With the upset victory of Robert Villare and Lee Lucas, in the 3rd Legislative District’s Republican primary for state Assembly, state Republicans have largely given up hope of competing there.
As of election night, the only clear victor was Robert Villare, a surgeon from West Deptford. For the other Assembly seat, Lee Lucas, a commercial oven repairman who has run for freeholder and Greenwich council before, led Arthur Marchand, a former Cumberland County Prosecutor, Surrogate and Freeholder, by 66 votes. Greenwich Township Mayor George Shivery trailed slightly behind. So far, nobody has requested a recount, although candidates have 15 days to do so.
“At this point, it is not likely we will commit any monetary resources,” said Assembly Republican Victory Executive Director Mark Duffy.
The political arm of the Assembly Republicans recruited Marchand into the race. He agreed, but only after extracting a promise that they would put a significant amount of money into the district. But those same Republicans think that Villare and Lucas have liabilities that will weigh them down in a race against incumbent Democrats Celeste Riley (R-Bridgeton) and John Burzichelli (R-Paulsboro).
For Villare, the issue is his recent voter registration in Delaware, which leaves him open to challenges about whether he has been a New Jersey resident for the two year period required to serve in the legislature. Villare only registered in New Jersey in March – well after he kicked off his campaign – and was assailed by Republican opponents with questions about how long he has lived in-state. In March, Gloucester County Superintendent of Elections Stephanie Salvatore said she had no record of him ever being registered in New Jersey, though in rare circumstances voter registration records from other counties that are over four years old might not turn up in the system she used. Villare, for his part, responded that he lived in Delaware for a short time but was a New Jersey native.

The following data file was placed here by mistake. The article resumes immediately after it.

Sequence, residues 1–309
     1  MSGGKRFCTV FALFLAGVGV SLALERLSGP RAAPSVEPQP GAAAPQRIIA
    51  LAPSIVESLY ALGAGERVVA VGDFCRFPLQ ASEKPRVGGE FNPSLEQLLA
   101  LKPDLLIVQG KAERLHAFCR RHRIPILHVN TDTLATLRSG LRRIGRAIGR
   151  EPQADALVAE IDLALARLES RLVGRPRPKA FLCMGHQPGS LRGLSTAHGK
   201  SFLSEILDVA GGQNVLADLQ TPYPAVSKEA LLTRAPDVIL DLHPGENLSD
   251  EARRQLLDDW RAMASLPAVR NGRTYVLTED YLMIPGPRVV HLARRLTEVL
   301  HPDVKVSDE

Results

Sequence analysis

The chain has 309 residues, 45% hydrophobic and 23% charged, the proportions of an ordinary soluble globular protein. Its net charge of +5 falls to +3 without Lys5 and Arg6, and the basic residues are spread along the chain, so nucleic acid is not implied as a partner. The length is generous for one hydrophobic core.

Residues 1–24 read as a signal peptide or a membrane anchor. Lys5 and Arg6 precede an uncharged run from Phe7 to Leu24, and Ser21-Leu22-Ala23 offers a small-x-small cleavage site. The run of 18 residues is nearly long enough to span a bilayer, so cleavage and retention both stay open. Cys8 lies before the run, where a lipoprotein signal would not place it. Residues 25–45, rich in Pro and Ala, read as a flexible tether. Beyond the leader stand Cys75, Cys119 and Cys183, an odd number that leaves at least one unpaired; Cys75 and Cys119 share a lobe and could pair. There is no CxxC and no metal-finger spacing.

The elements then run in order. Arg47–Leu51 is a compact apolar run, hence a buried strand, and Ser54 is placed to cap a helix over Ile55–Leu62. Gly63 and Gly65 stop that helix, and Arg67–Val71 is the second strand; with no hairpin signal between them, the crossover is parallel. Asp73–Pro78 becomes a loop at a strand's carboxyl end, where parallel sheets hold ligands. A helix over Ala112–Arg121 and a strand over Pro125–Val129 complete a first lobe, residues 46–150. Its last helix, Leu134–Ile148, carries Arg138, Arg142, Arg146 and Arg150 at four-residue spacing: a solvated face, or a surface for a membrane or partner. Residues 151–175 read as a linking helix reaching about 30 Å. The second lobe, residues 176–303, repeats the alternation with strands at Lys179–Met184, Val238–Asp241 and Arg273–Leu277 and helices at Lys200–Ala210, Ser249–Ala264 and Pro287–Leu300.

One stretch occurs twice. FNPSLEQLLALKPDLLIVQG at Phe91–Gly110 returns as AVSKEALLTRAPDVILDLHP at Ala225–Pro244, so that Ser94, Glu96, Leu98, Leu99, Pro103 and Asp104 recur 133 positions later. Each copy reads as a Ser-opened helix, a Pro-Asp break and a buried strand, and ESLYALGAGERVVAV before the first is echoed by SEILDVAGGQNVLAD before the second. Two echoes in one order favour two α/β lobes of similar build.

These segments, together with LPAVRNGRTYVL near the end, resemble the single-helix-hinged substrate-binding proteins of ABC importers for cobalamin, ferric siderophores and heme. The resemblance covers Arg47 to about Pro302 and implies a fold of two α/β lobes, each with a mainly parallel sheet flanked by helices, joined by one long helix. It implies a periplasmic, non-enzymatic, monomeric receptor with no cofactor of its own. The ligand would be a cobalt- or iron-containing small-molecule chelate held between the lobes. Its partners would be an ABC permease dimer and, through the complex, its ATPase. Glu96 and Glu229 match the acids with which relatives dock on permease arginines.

The concern about Lucas arises from an April letter he sent to the Gloucester County Times. In it, he bemoaned spending stimulus money on the “hopeless,” striking what many considered a social Darwinist tone too reactionary for the general election. He said that the way stimulus funds were being distributed was tantamount to socialism, which “preserves the weak at the expense of the strong.”
“With mathematical certainty, this will cause a decline in the quality of the citizenry…. As a Republican candidate for an Assembly nomination, I by no means believe the government should be spending so much money on the so-called poor. I think it’s more important to preserve the strong,” he wrote.
Lucas’s follow-up letter a month later, in which he clarified the type of people that he considered “inferior,” did nothing to allay those fears.
“We know Republicans will be outspent, in some case three to one or more, in our top offensive districts. No sense expending valuable resources defending liabilities when we have real pick up opportunities in a number of other districts,” said Duffy.
Lucas, however, refused apologize for being politically incorrect and blamed the Republican leadership – including GOP gubernatorial nominee Chris Christie — for essentially supporting the same policies as Democrats.
“In my letters I put out what is the cause of the fiscal problem. If you want to cut spending in the budget you look at the biggest things: the Department of Education and the Department of Human Services,” he said. “One can deduce that the cause of the fiscal problem is aid to the low-income communities… They’re not willing to solve the problem.”
“They expect us to pay for their medical care, and many aren’t citizens,” he said. “They expect us to do this, and we have to be careful not to offend them.”